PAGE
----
bad neighbors don’t. Work against property rights and "wise use" movement candidates and initiatives. My right to make noise ought to end at your ear. The battle against noise is strengthened when other environmentalists succeed. The claim of freedom from government interference seems to overlook the very nature and development of the concept of freedom in western cultures. species. air. They are the bullies in the schoolyard. efforts to reopen the EPA’s noise office. habitat. smog. 5. 3. This is a concept well understood in America today. and weakened when they fail. and waterways.The claim of prior occupation clearly does not provide justification for noise pollution. This has several implications for persons seeking to effectively control noise. and degraded when the commons is used to maximize profits or opportunities for a few. People working to reduce noise are environmentalists seeking an ethic of the commons. stronger regulation of transportation related noise. grocery store with early morning garbage pickup. 4. no airports. Noisy neighbors do not care about their impact on others. philosopher John Stuart Mill. etc. Combating noise is part of a larger struggle to politically and legally establish sovereignty and control over common or public property.). Even at the height of laissez-faire attitudes in the 18th century. One way to see the weakness in this argument is to realize that the argument is not used in reverse. The most common source of the noise is a business: a racetrack. The Noise Pollution Clearinghouse receives more than 100 inquiries a week from people impacted by noise. The effort to control noise is part of a greater effort to protect that which is held in common by the public from abuse and degradation. acid rain. 2. supporting efforts to reduce noise. no jets. etc. water. People lived near almost all major noise sources before those sources existed. Moreover. My right or freedom to swing my fist ends at your nose. airways. and biodiversity. Other efforts to protect the commons are concerned with protecting our public lands and parks. or to maximize only a few opportunities. a gun range. Our success is tied directly to other environmental causes. there were people living there before the source was expanded. it is inherently a political struggle. Good neighbors keep their noise to themselves. At some point there were no motorized boats on lakes. a building with very noisy refrigeration or air conditioning equipment. Communities do not give neighbors the right to prohibit the introduction of new noises in their neighborhood because the prior use was quiet. Support initiatives that treat noise as a pollutant (for example. one of the greatest defenders of the freedoms of individuals. yet there have always been people seeking quiet.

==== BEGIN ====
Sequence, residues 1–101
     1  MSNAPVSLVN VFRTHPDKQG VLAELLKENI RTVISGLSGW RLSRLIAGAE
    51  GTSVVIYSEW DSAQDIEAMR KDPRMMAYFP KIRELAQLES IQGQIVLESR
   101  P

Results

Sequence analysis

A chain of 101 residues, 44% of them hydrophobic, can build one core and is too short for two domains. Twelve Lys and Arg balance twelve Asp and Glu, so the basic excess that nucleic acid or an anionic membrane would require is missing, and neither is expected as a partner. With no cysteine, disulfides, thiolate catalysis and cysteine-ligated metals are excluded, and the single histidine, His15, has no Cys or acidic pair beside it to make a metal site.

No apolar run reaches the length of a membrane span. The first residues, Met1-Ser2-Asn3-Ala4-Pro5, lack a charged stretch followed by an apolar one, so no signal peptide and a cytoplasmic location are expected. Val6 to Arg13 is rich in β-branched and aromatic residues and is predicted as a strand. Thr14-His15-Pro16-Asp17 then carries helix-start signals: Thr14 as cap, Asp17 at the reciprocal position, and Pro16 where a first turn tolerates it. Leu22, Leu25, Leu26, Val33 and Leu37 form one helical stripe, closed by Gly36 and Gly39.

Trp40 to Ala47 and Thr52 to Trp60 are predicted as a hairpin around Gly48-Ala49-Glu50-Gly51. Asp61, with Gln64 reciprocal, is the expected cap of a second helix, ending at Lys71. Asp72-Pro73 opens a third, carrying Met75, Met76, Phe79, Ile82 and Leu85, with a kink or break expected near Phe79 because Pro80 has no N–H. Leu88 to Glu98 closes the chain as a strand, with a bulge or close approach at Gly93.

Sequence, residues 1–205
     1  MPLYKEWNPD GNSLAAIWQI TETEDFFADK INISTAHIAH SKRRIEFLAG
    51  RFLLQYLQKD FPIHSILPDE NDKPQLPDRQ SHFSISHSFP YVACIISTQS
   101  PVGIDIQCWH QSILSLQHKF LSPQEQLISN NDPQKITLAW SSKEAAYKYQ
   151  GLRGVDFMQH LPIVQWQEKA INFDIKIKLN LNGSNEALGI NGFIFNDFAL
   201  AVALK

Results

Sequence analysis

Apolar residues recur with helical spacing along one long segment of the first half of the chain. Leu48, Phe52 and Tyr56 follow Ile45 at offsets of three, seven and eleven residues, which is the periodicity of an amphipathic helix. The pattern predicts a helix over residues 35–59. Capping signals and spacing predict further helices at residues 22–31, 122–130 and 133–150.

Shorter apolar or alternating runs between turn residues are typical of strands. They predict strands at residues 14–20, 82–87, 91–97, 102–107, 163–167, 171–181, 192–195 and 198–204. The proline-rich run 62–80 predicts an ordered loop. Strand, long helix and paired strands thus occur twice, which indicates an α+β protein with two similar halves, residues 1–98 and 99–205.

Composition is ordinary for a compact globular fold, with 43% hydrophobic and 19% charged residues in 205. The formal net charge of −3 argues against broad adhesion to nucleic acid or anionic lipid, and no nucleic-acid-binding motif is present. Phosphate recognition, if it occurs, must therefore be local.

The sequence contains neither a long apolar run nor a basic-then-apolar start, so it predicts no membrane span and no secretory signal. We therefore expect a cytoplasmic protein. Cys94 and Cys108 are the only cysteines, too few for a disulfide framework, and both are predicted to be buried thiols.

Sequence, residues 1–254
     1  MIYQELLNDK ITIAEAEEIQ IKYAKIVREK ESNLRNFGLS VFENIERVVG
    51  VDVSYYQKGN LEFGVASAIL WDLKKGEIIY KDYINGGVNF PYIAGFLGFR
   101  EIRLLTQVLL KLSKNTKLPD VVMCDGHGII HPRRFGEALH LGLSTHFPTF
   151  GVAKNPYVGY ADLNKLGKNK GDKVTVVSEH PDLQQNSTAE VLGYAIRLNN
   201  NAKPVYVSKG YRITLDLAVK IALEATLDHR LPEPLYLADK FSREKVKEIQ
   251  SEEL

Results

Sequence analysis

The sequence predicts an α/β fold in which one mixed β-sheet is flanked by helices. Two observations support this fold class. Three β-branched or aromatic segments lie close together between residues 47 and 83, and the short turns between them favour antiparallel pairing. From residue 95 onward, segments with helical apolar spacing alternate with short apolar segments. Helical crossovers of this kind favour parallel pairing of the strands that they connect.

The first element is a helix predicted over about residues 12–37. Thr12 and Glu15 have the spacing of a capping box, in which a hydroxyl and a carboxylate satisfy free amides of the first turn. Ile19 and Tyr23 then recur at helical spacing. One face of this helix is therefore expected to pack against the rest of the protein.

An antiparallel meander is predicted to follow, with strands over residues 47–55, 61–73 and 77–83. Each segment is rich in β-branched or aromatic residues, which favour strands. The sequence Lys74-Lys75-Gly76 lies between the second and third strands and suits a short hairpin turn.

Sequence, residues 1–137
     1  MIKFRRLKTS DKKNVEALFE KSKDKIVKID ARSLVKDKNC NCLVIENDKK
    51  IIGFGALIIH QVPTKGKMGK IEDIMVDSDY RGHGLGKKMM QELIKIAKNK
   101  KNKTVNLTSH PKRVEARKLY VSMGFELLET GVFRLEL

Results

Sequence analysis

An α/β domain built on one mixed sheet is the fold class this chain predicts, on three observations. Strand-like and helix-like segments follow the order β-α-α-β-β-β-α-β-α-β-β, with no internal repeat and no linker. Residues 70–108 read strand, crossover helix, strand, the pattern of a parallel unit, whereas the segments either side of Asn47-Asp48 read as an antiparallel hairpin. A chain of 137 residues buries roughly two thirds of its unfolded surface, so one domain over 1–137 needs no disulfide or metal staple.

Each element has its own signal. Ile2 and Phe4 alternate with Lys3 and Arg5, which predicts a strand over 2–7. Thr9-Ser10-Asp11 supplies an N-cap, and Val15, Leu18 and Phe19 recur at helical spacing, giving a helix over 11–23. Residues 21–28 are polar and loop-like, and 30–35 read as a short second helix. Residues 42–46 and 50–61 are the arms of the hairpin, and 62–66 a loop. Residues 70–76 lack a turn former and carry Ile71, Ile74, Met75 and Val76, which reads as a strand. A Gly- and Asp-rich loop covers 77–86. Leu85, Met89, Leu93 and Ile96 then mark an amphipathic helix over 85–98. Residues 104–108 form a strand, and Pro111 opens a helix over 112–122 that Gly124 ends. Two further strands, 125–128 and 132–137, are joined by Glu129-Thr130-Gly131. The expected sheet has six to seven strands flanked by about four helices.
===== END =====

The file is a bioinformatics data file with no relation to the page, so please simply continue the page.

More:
. Support environmentally concerned candidates and initiatives. Join forces with environmentalists and build coalitions with environmentalists to educate them about noise. a bar. In addition to the obvious one. recognized that people ought to be free to do as they please so long as they do not harm others.
Civility Noise. What these efforts share is the recognition that our well-being is enhanced when the commons is used to maximize opportunities for everyone. As the term sovereignty suggests. friends of quiet should:
1. more than most pollutants. Support environmental causes unrelated to noise such as efforts to control global warming. is closely related to manners.